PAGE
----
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More infrastructure snafu

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    More infrastructure snafu

    Just as I hit publish on my last post, the Wall Street Journal publishes a much better essay by Ted Nordhaus on the impossibility of building infrastructure in the US, even if it is green alternative energy climate-change infrastructure.

    In Nevada’s Black Rock Desert, local environmentalists and devotees of the Burning Man festival are using the National Environmental Policy Act (NEPA) to oppose a geothermal energy plant. Further south, the Sierra Club has joined with all-terrain vehicle enthusiasts to stop development of what would be the nation’s largest solar farm, which it says threatens endangered tortoises. ... proposals to develop wind energy in American coastal regions have also faced a constant barrage of NEPA and Endangered Species Act (ESA) lawsuits designed to stop them.

    The Nantucket wind farms are the classic example. Wind farms, yes, but not if it spoils the view of uber-wealthy greens. Sue! On whale-disturbance grounds. 

    ...In California, environmentalists have used a state law designed to protect fish eggs as a pretext to close the Diablo Canyon Nuclear Power Plant, the state’s largest source of clean energy, while the California Environmental Quality Act has hobbled efforts to build both high-speed rail and high-voltage transmission lines that the state is counting on to meet its climate commitments.  ..over the last decade, the U.S. hasn’t constructed a single major new transmission line.

    High speed rail, billions over budget, the prize of the 2009 shovel-ready stimulus programs, has not laid a single mile of track. It will probably be ready at gold-plated cost, just as the last car and truck on I-5 is electric. 

    Electrification is big news. But the electricity has to come from somewhere, over power lines that have to be built. Where I live they just banned gas hookups. For now, we burn gas to make electricity, then send it over nonexistent power lines to turn the electricity into heat, at about half the efficiency of just burning it at home. I guess the idea is that after we've burned about twice as much gas as we need for a decade, eventually it will all come from those new solar panels that work at night. 

    (In related news, in New Jersey's similar plan to switch from gas to electricity which comes, for now, from gas, 

    The Department of Environmental Protection, which is mulling new regulations for boiler permits, said in a rule proposal unveiled in December that electric boilers would cost between 4.2% and 4.9% more to operate than their gas counterparts. But a correction issued by the agency Tuesday said running electric boilers would cost between 4.2 and 4.9 times more than their fossil fuel equivalents.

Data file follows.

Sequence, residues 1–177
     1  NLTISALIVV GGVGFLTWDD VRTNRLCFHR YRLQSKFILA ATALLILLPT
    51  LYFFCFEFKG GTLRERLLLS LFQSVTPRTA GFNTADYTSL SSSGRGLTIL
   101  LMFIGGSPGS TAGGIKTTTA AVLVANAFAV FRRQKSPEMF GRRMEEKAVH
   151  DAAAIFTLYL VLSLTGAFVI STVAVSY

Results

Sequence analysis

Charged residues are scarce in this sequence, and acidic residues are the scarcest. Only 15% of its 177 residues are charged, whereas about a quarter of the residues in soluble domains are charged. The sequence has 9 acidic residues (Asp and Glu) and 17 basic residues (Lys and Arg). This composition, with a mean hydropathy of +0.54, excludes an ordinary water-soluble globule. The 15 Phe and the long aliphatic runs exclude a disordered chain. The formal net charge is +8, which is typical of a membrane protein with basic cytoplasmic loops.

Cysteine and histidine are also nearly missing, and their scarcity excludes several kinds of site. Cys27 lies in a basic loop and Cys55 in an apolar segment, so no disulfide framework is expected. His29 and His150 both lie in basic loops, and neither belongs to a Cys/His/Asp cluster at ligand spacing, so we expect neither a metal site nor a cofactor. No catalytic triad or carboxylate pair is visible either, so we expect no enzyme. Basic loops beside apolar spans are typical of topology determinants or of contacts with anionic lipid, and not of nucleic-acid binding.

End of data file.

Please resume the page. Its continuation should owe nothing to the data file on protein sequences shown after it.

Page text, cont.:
Nuclear power remains a catastrophe: 

    In Washington, D.C., meanwhile, the Nuclear Regulatory Commission peremptorily rejected last month the application of the first advanced nuclear reactor developer to seek a license before the commission, to cheers from leading environmental groups.... 

     since its founding in 1975, the Nuclear Regulatory Commission has never licensed a new commercial nuclear reactor design that was subsequently built. 

    ...Merely completing an environmental-impact statement for infrastructure projects now takes almost five years on average. 

    The US is still capable of dumping trillions of dollars down ratholes,

    Though the Biden administration and Democrats currently propose to spend close to a trillion dollars on low-carbon infrastructure and technology, there is little reason to believe the U.S. is capable of building any of it in a timely or cost-effective way.

    And it's going to get worse (see previous post on how FHWA literally bans new infrastructure )  

    ...Democrats and environmentalists propose to add still more bureaucratic and regulatory requirements to the already Kafkaesque process of building any major energy or infrastructure project. President Biden’s landmark executive order on environmental justice, for example, has directed every federal agency to screen all new infrastructure and clean-energy spending for disparate racial impact while carving out 40% of all spending for marginalized communities. Congress, meanwhile, has produced complicated formulas to guide its proposed new clean-energy investments in order to encourage the use of union labor and to achieve various other wage and occupational outcomes.

    Nordhaus has some positive ideas on how to fix this mess: 

    start with an overhaul of the NEPA [National Environmental Policy Act, under which you can sue to stop projects based on the tiniest environmental claim], the ESA [Endangered Species Act], the Jones Act [All shipping between US ports must be on US merchant marine ships. Also the send-it-by-truck act]  and a range of other regulations in order to make them more compatible with the need to dramatically cut emissions. Another priority should be to change the NRC’s mandate so that it balances public safety with the public’s interest in building nuclear power plants to produce clean and affordable energy.

    And a special nod to California 

    Federal taxpayers should not send billions of dollars to the states every year without a reasonable expectation that the funded infrastructure will be built in a timely and cost-effective way.

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